Small fish recover faster than large fish

Sep 21, 2011
This is a largemouth bass being released. Credit: University of Illinois

In football, linebackers are usually the largest players and have the endurance required to get through a game plus overtime. But when it comes to fish, larger doesn't always mean stronger. A University of Illinois study showed smaller fish recover from exertion faster than larger fish.

"The point of the study was to replicate an angling situation where anglers catch and release fish," said researcher Cory Suski. "We wanted to know if large fish and small fish had similar to being exercised and released, particularly regarding the time it takes the fish to recover from exercise.

"What we found is that the large fish take longer to recover from exercise than the small fish do. None of the fish really experienced any major , and they all survived easily, but the small fish recovered faster than the big fish."

Suski said the findings will be important for conservation.

"Big fish are reproductively valuable as they tend to have more babies than small fish," he said. " Big fish are also rarer than small fish, and they are more often targeted by anglers. If anglers are planning to release a large fish after catching it, the results from this study emphasize the importance of angling the fish for a short duration, handling the fish gently, and getting it back into the water quickly so that excessive disturbances are minimized and the fish can recover quickly, begin feeding, and get back to normal."

The fish in the study were largemouth bass. They were caught in nets, put into dark tanks and allowed to rest.

Later they were chased for 60 seconds to simulate angling and the amount of energy they might expend during a catch-and-release episode. They were allowed to recover for 0, 1, 2, or 4 hours before being sampled for plasma and white muscle.

Large largemouth bass exhibited elevated concentrations of and relative to small fish following the exercise challenge.

Large fish required additional time to clear metabolic disturbances in plasma and failed to restore potassium to basal levels even following 4 hours of recovery, indicating an improved ability of the smaller fish to recover from disturbances.

"Before we began the research, we predicted that the larger fish would respond and recover from exercise more quickly, providing another size-based advantage for larger fish, but we found the opposite to be true," Suski said.

Suski said anglers have always known that big fish are special, and the results of this study emphasize the need to treat big fish gently so they can be caught again in the future.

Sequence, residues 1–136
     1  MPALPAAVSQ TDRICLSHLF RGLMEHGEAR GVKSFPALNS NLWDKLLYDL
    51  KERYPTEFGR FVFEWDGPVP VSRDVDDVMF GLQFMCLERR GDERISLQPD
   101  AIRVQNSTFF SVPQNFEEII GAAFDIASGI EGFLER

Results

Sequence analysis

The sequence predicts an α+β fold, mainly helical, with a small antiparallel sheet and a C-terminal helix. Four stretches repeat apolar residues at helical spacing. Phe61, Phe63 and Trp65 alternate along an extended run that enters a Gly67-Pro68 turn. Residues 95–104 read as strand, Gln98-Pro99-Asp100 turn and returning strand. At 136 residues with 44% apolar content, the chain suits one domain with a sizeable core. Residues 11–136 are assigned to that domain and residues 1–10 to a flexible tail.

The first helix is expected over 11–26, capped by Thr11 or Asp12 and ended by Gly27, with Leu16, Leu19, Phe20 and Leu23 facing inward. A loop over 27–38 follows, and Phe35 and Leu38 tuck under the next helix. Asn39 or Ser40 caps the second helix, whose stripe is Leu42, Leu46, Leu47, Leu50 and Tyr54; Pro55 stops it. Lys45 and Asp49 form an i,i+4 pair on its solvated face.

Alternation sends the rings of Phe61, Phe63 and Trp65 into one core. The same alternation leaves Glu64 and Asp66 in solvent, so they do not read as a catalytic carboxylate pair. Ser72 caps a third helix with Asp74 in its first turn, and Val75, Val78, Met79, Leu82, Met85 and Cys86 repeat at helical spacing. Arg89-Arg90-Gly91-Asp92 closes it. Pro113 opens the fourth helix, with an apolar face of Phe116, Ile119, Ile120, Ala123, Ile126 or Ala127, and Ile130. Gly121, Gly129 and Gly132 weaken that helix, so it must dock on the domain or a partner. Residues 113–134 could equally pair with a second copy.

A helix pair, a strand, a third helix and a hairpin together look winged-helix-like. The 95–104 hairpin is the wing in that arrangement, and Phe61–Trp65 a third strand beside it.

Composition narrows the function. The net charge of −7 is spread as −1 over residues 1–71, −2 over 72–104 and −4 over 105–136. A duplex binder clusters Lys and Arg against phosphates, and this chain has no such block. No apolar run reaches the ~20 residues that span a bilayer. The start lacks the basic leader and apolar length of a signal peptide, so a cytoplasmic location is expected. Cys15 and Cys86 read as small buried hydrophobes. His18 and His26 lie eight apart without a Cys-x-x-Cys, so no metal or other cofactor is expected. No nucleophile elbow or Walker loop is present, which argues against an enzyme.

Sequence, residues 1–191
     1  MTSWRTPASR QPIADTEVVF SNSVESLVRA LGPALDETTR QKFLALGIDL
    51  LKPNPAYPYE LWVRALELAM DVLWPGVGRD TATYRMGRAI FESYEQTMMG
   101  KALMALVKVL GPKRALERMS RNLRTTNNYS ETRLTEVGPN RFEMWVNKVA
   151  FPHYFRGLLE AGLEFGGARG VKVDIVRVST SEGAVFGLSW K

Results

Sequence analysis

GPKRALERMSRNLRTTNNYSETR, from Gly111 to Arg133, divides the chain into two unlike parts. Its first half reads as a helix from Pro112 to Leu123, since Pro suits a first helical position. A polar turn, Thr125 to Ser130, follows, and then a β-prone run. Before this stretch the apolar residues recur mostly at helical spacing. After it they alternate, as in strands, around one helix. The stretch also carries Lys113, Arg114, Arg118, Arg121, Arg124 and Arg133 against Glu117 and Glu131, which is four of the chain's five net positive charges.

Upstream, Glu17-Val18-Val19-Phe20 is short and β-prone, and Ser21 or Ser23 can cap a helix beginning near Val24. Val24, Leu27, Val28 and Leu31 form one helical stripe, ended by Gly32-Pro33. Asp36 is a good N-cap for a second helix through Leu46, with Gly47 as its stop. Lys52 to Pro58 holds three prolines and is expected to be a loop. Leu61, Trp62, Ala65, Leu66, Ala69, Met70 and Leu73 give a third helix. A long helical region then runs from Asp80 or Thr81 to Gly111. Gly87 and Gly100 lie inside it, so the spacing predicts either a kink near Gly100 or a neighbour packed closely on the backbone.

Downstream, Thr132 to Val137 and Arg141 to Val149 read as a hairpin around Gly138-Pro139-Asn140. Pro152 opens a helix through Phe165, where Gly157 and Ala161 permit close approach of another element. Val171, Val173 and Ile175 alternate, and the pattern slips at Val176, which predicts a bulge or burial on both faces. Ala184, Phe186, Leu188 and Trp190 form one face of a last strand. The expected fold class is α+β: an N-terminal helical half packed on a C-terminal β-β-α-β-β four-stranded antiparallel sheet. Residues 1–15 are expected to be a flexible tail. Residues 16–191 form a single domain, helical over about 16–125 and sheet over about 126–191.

The effect of body size on post-exercise physiology in largemouth bass was published in Physiology and Biochemistry. Andrew J. Gingerich co-authored the paper.

Explore further: Ivory mafia: how criminal gangs are killing Africa's elephants

add to favorites email to friend print save as pdf

Related Stories

Research cautions to catch-and-release in less than 4 minutes

Sep 27, 2007

Recreational fishing that involves catch-and-release may seem like just good fun, and that released fish go on to live happily ever after, but a recent study at the University of Illinois shows that improper handling techniques ...

How to Grow a Bigger Brain

Mar 06, 2006

Hatchery-reared steelhead trout show increased growth of some parts of the brain when small stones are scattered on the bottom of their tank, according to a new study by researchers at UC Davis. The brains ...

Intensive fishing leads to smaller fish

May 07, 2010

(PhysOrg.com) -- Intensive fishery activities in the North Sea have resulted in evolutionary changes in fish. Fish remain smaller, grow slower and mature sexually earlier. This is postulated by Fabian Mollet, fishery researcher ...

Over-fishing: Fewer eggs, smaller fish

Jan 19, 2006

A University of California-Riverside study suggests harvesting the largest individuals from a fish population introduces harmful genetic changes.

Recommended for you

The elephant poaching business in numbers

5 hours ago

From the pittance paid to local poachers to a multi-billion dollar industry, here are some of the key numbers related to Africa's endangered elephants:

Kalbarri abalone gets helping hand

Jan 23, 2015

Department of Fisheries staff and Kalbarri fishermen have released 24,000 Roe's abalone (Haliotis roei) onto reef platforms along the cliffs north of Kalbarri, to restock a population decimated by the marine ...

Cichlid sisters swim together in order to reach the goal

Jan 23, 2015

The manner and routes of dispersal vary with the species and the ecological conditions. Many fish form shoals to avoid predation. Shoaling with familiar conspecifics affords the fish an even greater advantage ...

User comments : 0

Please sign in to add a comment. Registration is free, and takes less than a minute. Read more

Click here to reset your password.
Sign in to get notified via email when new comments are made.